Helen has carved and engraved several drusy gemstones.
What are drusies?
Drusy gemstones are cut from natural mineral specimens that exhibit surfaces with very fine crystal mineralization. Clusters of tiny crystals present a shimmering effect, sometimes described as the “sparkling of sugar or snow”.
The size of the crystals may range within a few millimeters, and in general the smaller-sized crystal surfaces produce a better glistening effect. Drusy crystals may cover, or encrust, all or part of the rock surfaces, and usually form inside vugs and cavities. Frequently the drusy surfaces differ mineralogically from the background matrix in which the crystals are embedded. The matrix may vary from hard agate to softer and more fragile rhyolite, sandstone or limestone.
Drusy gems come in a wide variety of minerals, such as quartz (Brazil), pink cobalto-calcite (Zaire), green uvarovite garnet (Russia), blue chalcedony (Turkey), rainbow pyrite (Russia), rainbow hematite (Brazil), azurite (Arizona), vanadinite (Marocco), liebethenite (Congo), malachite (Arizona, Congo), psilomelane (New Mexico, Arizona), blue hemimorphite (China), chrysocolla with drusy quartz (drusy gem silica from Arizona), and crystal rhodochrosite (Peru), just to name a few species and their primary locations.
The drusy world is amazing, bountiful and fascinating, and everyone loves wearing a little sparkling gem. The dazzling gemstones stand out in Helen's showcases, and their shimmering effect captivates customers. After all the years of carving drusy gems, when I was interviewed by a trade writer during the 2018 Tucson gem shows about what was the most sought-after pieces in my booth, the answer surprised even me: drusies!
[Excerpt from Helen’s article Natural vs. Enhanced Lapidary Materials- The Drusy Craze, published in the Jan/Feb 2019 issue of the GemGuide]
Several terms are used to describe the Fine Art of Gem Sculpture, the art of sculpting gem materials. Some are ancient words, while others are recent ones. Some describe the art in its entirety while others define a specific form of the art. Some are well known, while a few have fallen in disuse.
Several words originate from the ancient Greek glyptos or glyptic = carved, sculptured, hence Glyptic Arts and Glyptography. Both terms are used since the 17th century and refer to the art of carving gem materials.
Lapis is the Latin word for ‘stone’, which evolved from the Greek lithos. Hence the word Lapidary denotes the art or craft of cutting gemstones.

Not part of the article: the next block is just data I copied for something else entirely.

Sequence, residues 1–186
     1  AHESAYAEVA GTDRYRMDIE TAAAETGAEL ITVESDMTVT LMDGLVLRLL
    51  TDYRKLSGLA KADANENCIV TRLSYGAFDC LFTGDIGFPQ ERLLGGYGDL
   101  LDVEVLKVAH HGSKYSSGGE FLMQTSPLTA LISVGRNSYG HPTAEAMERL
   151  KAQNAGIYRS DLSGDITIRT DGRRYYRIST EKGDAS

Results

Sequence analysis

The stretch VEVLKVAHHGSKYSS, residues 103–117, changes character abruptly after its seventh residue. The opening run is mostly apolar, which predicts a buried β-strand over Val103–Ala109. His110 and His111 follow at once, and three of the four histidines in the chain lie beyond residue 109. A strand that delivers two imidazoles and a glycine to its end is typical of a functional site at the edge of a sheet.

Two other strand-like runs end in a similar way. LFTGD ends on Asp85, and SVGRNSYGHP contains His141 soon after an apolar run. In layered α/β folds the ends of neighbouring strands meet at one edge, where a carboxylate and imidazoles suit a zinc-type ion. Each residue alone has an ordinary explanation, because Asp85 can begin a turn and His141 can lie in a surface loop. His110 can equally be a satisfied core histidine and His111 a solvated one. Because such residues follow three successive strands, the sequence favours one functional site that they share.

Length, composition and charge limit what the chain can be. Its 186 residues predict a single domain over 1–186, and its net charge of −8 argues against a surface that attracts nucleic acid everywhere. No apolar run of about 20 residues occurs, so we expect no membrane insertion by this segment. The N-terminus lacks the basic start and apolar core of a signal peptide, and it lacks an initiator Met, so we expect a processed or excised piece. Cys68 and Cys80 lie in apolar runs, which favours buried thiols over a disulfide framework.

The word Lapidary is used both for the art and the artist, and covers every possible form of cutting and polishing gemstones and organic gem materials.
Gem Sculpture, Glyptography, Glyptic Arts, Engraved Gems, Lapidary Arts,
Gem Carving and Carved Gems are all terms that describe the art of creating reliefs, intaglios, freeform organic carvings, faceted gems, sculptures in-the-round, inlays, mosaics, figurative and non-figurative works in gemstone materials.
Gem Art is the most contemporary term, adapted by the Gem Artists of North America, a term that best embraces all art forms associated with gem materials.
Both terms are used to define removal of matter. ‘Engraving’ truly means to cut in, to incise (like intaglios), and ‘carving’ denotes a more sculptural, three-dimensional in-the-round approach. ‘Gem Engraving’ is used particularly by scholars, for both intaglio and cameo works, especially for ancient and antique works.
Intaglios engraved as utilitarian signet seals are usually cut shallow and with no undercutting, so that the sealing wax can be pulled out of the grooves without loosing sing any details, while intaglios engraved for purely decorative purposes, such as portraits, may be deeply engraved. Deep intaglios were cut since Hellenistic times around 300 BCE and their surfaces were often polished.
Today the term ‘Internal carving’ is used for extremely deep intaglios engraved through one crystal face, usually quartz, and viewed through the highly polished opposite or frontal crystal face. Internal carvings are usually left in a sanded stage, and not highly polished, as they take advantage of the crystal’s refraction and magnification to project volume. The 18th century term was ‘reverse intaglio’ and the engraving was often painted.
Cameos are relief works on monochromatic or multicolored gem materials, often layered gems such as the onyx and sardonyx chalcedony varieties, or shells. Commonly they feature portraits, figurative and mythological themes.
Gem sculptures in the full round are carved on all surfaces, and may consist of a single piece of gem material or an assemblage of several materials.
Gemstone carvings are a form of sculpture and are governed by the same composition rules just like any other art form. Although creative design and execution rules are broken daily by innovative designs, the rules of the underlying fundamental harmony of the composition remain the same.
The overall design should be evaluated on the: